The two men discussed prisoners, and Grant agreed to provide rations for
twenty-five thousand men. Just before 4:00 p.m., Lee and Grant parted
ways. They shook hands, and the ex-Confederate commander left the
house and called for his horse. When Lee mounted, Grant lifted his hat
in salute, as did the other Union officers present. After returning their
gesture, Lee rode slowly back to his headquarters. The comments of two
Confederate soldiers made at the time show an appreciative response to
the terms and the tone of the surrender conducted by Grant. “When we
learned that we should be paroled,” this cannoneer recorded, “and go to
our homes unmolested, the relief was unbounded. . . . [T]he favorable and
entirely unexpected terms of surrender wonderfully restored our souls.”
Another grudgingly remarked, “I am forced to admit that the Federal officers and troops conducted themselves with singular propriety throughout
this time . . . [and northern officers] came without parade, and departed
without uncourteous reference to our misfortune.”64
Important for Reconstruction’s future, Robert E. Lee immediately
declared his support for Appomattox. “General Grant has acted with magnanimity,” he remarked to his supporters. Lee’s public position was laid out
in a letter he wrote in August 1865. “I believe it to be the duty of every one
to unite in the restoration of the country and the reestablishment of peace
and harmony,” he declared. “All should unite in honest efforts to obliterate the effects of war, and to restore the blessing of peace.”65 Critics of the
terms who regularly and loudly called for Lee’s arrest and trial as a traitor were stopped by U. S. Grant, who stoutly defended his Appomattox
surrender, which granted protection to both privates and generals alike.
Many years later, Grant said, “I had made certain terms with Lee—the best
and only terms. If I had told him and his army that their liberty would be
invaded, that they would be open to arrest, trial and execution for treason,
Lee would never have surrendered, and we should have lost many lives
in destroying him.” He added, “Now my terms of surrender were according to military law, to the instructions of Mr. Lincoln and Mr. Stanton,
and so long as Lee was observing his parole I would never consent to his
arrest.”66 Grant’s immense prestige as a military hero guaranteed the terms
would stand.
3 26 j ou r na l o f th e c ivi l war er a, volume 2, i s s u e 3
JCWE 2.3 1st pages.indd 326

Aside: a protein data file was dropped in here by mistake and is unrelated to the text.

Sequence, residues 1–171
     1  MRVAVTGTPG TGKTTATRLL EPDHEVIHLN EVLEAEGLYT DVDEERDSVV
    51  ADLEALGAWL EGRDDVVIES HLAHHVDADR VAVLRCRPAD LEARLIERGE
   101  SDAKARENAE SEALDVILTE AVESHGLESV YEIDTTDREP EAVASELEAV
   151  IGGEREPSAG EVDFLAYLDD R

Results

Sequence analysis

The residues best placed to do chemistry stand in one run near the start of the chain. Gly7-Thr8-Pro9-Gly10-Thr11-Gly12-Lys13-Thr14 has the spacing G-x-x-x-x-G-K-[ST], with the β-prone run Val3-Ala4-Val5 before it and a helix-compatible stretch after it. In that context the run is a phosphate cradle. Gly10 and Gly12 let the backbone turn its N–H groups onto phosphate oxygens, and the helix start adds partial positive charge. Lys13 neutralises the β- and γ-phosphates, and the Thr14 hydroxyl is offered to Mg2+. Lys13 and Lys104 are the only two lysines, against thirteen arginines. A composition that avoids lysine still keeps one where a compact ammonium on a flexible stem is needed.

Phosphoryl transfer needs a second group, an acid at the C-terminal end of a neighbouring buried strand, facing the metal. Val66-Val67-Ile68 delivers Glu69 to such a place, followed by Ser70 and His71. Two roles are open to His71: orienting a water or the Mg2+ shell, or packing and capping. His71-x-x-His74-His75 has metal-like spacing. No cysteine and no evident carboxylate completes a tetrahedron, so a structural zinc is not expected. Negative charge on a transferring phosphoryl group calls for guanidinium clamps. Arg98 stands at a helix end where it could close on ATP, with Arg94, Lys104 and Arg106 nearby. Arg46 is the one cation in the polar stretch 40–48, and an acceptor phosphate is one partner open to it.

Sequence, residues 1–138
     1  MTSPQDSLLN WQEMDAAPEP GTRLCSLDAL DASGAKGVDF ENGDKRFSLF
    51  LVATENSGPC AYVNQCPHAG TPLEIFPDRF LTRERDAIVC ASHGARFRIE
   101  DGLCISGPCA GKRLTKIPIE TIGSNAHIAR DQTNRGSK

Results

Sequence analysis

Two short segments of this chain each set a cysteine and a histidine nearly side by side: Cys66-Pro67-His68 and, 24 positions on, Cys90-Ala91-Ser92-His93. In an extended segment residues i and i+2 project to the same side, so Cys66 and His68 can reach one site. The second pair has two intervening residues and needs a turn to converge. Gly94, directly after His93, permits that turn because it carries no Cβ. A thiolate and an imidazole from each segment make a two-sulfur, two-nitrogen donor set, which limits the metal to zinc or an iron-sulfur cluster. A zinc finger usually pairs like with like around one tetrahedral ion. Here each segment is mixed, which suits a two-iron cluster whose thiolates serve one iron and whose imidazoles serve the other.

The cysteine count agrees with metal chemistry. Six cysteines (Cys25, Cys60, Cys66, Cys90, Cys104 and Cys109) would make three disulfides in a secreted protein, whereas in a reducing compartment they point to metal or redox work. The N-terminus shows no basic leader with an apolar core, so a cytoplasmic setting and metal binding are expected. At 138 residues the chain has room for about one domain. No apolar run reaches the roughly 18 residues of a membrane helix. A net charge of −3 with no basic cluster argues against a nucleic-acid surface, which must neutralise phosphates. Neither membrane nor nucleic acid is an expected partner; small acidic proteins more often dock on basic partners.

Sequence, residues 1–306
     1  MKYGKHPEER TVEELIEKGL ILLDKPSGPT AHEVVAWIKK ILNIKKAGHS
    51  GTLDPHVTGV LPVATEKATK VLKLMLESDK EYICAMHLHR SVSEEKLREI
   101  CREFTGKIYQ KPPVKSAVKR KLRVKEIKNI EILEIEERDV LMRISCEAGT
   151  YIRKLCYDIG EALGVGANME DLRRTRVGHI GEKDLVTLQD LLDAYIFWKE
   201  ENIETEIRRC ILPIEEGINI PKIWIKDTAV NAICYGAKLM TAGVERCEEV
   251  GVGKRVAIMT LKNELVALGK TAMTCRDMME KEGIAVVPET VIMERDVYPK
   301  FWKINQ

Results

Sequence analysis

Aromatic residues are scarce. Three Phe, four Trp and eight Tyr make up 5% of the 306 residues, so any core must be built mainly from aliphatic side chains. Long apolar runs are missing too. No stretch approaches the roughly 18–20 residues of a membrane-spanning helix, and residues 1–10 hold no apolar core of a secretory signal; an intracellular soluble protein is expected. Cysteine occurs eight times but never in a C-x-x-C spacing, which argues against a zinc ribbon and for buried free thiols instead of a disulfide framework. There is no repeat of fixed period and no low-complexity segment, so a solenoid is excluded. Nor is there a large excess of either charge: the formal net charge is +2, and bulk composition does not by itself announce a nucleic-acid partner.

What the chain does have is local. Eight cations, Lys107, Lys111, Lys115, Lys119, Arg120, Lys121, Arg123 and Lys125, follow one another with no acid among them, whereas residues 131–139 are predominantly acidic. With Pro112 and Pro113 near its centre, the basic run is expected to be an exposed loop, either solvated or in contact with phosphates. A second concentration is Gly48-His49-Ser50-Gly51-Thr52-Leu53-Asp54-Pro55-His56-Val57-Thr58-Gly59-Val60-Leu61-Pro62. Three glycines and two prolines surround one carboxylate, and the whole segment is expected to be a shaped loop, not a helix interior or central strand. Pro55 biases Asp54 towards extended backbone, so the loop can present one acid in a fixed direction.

6/22/2012 2:56:32 PM
Figure 4
Louis Guillaume, The Surrender of General Lee to General Grant, 1867 (Library of
Other ex-Confederate officers, downcast and bitter in defeat, took care
to record the magnanimity of the occasion. Colonel Marshall, Lee’s chief
of artillery in the First Corps and his military secretary, described the surrender: “There was no theatrical display about it. . . . It was the simplest,
plainest, and most thoroughly devoid of any attempt at effect, that you
can imagine.” Lee’s aide, Gen. Porter Alexander, earlier had urged him
to “take to the woods” because “the men had a right to ask that they be
spared the humiliation of asking terms of Grant, only to be told that U. S.
‘Unconditional Surrender’ Grant would live up to the name he had earned
at Fort Donelson and at Vicksburg.”67 Making his own gesture toward reconciliation, Lee rejected guerrilla warfare, telling Alexander, “The only
proper & dignified course for me would be to surrender myself & take the
consequences for my action.” And much later, Alexander portrayed the surrender in this way: “General Grant’s conduct toward us in the whole matter
is worthy of the very highest praise and indicates a great and broad and
generous mind. For all time it will be a good thing for the whole United
“ i o n ly kn e w w hat wa s i n m y m i n d” 3 2 7
JCWE 2.3 1st pages.indd 327
6/22/2012 2:56:32 PM
States, that of all the federal generals, it fell to Grant to receive the surrender of Lee.”68
Grant left the scene and rode to headquarters. News of the surrender
spread quickly through the Union camps. Soon, northern soldiers were
cheering and a hundred-gun salute commenced. Grant ordered a stop to
the celebration: “The War is over. The rebels are our countrymen again,
and the best sign of rejoicing after the victory will be to abstain from all
demonstrations in the field.” He also remarked that he “felt like anything
rather than rejoicing.” Almost as an afterthought, Grant telegraphed